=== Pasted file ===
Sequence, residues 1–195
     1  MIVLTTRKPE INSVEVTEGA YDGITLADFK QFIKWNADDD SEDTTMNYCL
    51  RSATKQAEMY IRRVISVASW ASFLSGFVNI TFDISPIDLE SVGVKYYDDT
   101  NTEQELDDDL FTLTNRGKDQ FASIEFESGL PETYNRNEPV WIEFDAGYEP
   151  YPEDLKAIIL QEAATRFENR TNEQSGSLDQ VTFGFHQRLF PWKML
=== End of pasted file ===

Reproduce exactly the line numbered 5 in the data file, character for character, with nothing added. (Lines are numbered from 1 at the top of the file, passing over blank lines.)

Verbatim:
   151  YPEDLKAIIL QEAATRFENR TNEQSGSLDQ VTFGFHQRLF PWKML